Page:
Lyon’s all-star line-up seeks record 4th CL title against PSG in all-France final

By Samindra Kunti in Cardiff, Wales

June 1 – In a first all-French final defending champions Olympique Lyon seek a record equalling fourth Women’s Champions League title against Paris Saint-Germain tonight in Cardiff.

Lyon are the dream team in women’s football. Their squad is filled with stars and bright talents with president Jean-Michel Aulas having assembled a team of global imports. Lyon’s women increased their budget to €8 million, in part to deal with this season’s arrival of US superstar Alex Morgan.

Morgan faces fierce competition for the starring role up front from UEFA Player of the Year Ada Hegerberg, of Norway, and France strikers Elodie Thomis, Eugénie Le Sommer, Claire Lavogez and, prior to her injury, Delphine Cascarino. Morgan has been declared fit for the final after a hamstring injury.

With the signing of Morgan, Aulas has taken steps to popularise the Lyon brand on the other side of the Atlantic, but his main ambition remains to dominate the European scene. In the Champions League semi-finals Lyon defeated and outclassed Manchester City, and their own US superstar Carli Lloyd, 3-2 over two legs. Aulas welcomes the prominence of Europe’s biggest clubs in the women’s game and the competition that brings.

“You have to keep investing in women’s football and you want the [French] FA to organize women’s football with a more ambitious outset,” said Aulas. “You want to get to 2019 [when France host the World Cup] with the best clubs and the best players at our clubs. Perhaps the license should require all top flight clubs to have a women’s team of a high level.”

“All big clubs get there in a progressive manner,” explained Aulas. “Barcelona have requested an American license. Bayern Munich are very strong. They set out with amateur teams, but are now of a high professional level. We also saw it with Wolfsburg. You have to remain ahead.”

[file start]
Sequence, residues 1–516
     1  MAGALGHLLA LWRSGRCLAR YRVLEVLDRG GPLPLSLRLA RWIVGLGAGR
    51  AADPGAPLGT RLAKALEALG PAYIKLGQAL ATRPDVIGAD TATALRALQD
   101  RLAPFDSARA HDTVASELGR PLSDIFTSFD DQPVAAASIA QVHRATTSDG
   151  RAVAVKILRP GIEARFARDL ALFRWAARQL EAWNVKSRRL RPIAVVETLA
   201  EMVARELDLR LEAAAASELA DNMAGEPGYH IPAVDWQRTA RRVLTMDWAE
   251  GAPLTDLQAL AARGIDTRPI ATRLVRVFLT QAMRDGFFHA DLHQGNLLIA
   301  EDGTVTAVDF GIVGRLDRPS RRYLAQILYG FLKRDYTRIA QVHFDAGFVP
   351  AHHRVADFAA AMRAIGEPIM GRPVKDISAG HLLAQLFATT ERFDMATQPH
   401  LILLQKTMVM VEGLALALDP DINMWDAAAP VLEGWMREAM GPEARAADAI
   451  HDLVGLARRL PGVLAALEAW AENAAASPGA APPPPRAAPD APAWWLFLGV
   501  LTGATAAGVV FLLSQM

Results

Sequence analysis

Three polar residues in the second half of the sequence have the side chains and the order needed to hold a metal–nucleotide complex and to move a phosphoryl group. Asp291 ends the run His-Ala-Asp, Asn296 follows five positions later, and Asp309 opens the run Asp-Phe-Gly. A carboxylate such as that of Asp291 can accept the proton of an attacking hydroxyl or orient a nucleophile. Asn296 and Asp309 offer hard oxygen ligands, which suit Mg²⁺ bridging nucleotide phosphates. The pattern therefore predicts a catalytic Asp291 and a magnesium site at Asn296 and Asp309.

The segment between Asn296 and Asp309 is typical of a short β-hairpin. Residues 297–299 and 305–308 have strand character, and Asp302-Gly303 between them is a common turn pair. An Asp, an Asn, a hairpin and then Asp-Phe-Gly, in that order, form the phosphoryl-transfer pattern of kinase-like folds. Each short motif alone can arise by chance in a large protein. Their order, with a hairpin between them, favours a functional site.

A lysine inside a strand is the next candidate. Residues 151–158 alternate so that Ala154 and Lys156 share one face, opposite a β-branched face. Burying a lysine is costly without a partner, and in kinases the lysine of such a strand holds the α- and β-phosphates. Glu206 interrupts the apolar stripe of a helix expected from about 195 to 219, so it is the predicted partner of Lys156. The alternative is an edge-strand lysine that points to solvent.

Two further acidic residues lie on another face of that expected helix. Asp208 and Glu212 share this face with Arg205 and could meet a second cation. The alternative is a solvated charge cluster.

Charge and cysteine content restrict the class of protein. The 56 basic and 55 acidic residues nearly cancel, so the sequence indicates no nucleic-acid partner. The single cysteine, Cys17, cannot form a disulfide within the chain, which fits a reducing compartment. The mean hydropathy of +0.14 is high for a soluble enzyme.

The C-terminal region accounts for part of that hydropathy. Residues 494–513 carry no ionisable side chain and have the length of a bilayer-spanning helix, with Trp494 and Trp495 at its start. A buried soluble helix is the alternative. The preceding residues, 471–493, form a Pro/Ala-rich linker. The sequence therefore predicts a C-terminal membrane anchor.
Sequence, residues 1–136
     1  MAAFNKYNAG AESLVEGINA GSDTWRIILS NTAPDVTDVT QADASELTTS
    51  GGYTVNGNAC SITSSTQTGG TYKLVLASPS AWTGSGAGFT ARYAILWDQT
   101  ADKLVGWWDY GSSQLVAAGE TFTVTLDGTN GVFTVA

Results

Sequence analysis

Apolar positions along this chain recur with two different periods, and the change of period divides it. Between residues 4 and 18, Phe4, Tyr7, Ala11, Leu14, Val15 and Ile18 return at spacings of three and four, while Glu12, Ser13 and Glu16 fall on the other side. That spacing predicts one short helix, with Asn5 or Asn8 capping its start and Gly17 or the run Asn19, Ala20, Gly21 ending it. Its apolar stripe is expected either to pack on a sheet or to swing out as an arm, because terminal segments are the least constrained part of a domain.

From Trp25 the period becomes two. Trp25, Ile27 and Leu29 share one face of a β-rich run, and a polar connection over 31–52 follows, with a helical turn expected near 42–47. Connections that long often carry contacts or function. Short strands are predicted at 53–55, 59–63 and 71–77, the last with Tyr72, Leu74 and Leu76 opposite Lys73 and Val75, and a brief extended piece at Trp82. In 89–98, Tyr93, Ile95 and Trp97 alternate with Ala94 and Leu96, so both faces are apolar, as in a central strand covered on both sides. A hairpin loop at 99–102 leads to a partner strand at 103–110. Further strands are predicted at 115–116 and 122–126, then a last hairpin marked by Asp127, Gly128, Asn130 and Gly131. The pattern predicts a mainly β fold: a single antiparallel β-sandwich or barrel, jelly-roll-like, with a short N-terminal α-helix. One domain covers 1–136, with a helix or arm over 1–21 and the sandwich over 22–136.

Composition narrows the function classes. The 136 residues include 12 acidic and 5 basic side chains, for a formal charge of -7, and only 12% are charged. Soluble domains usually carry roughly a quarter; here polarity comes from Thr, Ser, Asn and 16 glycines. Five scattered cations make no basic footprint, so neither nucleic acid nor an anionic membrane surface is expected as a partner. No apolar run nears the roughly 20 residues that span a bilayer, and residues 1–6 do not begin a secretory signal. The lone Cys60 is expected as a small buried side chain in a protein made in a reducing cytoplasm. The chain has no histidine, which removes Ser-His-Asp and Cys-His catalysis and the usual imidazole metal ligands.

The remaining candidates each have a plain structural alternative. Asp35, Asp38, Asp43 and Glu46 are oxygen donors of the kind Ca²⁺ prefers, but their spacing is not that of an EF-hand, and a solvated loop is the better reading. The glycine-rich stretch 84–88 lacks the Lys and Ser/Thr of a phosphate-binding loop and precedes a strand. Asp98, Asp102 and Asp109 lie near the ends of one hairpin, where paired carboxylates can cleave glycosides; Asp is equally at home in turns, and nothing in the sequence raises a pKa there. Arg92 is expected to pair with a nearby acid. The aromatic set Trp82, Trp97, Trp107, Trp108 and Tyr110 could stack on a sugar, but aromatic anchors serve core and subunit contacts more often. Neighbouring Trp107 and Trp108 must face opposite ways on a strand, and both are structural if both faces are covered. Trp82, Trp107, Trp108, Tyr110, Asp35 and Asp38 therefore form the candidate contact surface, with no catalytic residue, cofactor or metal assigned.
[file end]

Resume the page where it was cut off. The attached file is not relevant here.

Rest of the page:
His team boasts talent in all areas of the field. Imposing defender Wendie Renard, cerebral midfielder Camille Abily and goalkeeper Sarah Bouhaddi are other key members of Lyon’s set-up, alongside German pair Dzsenifer Marozan and Josephine Henning, Swedish veteran Caroline Segar, Japanese defender Saki Kumagai and Canada’s Kadeisha Buchanan, winner of the 2015 World Cup Young Player award.

In his last game in charge Gerard Precheur aims to win a second consecutive treble. He criticized UEFA severely after the governing body’s shuttle left his players waiting in the hotel lobby before getting stuck in traffic Cardiff’s congested centre.

“The UEFA shuttle was an hour late,” said Precheur. “I don’t think this would have happened in men’s football. It shows that a lot of work needs to be done in women’s football…I’m irritated by it, I’m not the most patient person in the world when I want to train with my players. We were waiting 45 minutes in the hotel lobby and there was nobody to escort or accompany us.”

His team were not sharp against City in the last four and VFL Wolfsburg in the quarter-finals, but they remain favorites to retain their European crown. They finished 14 points ahead of third-placed PSG to claim an 11th consecutive French title this term, and secured the double by beating the Parisians in the cup final on penalties.

PSG endured a checkered domestic season, finishing only third in the league, and outside of the European qualification spots for next season. Only a Champions League win will see them back in the competition next year. In Europe the Parisians defeated FC Barcelona in the semi-finals, drawing a crowd of 20,000 to the Parc des Princes.

In 2015 PSG lost the Champions League final 2-1 to FFC Frankfurt. Like Lyon, PSG have invested in their women’s team which this season had a budget of €7 million.

“When we got to the finals with Lyon we used to play German teams, but now we have two French teams and it shows how far French clubs have come,” said PSG coach Patrice Lair.

The winner of the final will receive €250,000 in prize money, the runner-up €200,000. This season the women’s Champions League was expanded to allow the top 12 national associations to enter two teams in the competition, but the format has received criticism both for not opening up the European Cup to new territories and its limited prize money.

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